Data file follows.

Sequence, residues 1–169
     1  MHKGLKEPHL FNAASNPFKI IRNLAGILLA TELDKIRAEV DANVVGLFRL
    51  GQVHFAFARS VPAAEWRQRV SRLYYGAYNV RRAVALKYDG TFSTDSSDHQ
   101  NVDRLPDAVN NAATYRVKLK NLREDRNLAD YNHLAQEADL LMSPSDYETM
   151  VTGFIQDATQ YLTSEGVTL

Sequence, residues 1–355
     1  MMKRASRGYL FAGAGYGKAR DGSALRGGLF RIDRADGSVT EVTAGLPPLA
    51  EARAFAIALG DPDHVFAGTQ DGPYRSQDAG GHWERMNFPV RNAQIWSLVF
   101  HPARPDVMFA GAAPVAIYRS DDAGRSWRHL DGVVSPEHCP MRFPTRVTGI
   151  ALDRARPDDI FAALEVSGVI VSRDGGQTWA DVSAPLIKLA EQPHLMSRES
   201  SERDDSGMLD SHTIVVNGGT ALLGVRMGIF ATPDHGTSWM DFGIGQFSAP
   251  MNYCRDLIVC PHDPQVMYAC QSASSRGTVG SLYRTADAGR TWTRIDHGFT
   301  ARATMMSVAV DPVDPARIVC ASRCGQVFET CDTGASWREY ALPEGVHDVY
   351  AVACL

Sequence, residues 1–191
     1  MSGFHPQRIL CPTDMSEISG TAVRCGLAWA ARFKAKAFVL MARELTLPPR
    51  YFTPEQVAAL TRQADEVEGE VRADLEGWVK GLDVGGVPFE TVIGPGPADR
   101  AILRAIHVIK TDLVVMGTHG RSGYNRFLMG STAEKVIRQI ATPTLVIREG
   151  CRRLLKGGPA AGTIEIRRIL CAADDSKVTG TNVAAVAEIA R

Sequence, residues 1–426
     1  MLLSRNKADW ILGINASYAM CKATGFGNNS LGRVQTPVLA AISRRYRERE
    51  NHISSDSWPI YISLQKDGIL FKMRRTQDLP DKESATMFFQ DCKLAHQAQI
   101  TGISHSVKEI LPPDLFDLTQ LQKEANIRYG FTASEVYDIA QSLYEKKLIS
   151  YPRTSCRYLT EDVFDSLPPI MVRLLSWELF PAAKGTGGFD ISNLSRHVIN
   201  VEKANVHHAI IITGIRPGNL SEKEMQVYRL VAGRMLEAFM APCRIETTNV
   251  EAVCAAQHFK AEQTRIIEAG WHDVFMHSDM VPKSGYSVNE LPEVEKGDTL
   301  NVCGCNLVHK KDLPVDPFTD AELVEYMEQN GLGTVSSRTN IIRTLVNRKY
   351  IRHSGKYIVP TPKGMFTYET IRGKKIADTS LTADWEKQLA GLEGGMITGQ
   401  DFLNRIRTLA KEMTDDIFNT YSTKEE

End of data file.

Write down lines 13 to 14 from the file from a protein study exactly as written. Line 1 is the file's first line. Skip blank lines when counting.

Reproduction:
   301  ARATMMSVAV DPVDPARIVC ASRCGQVFET CDTGASWREY ALPEGVHDVY
   351  AVACL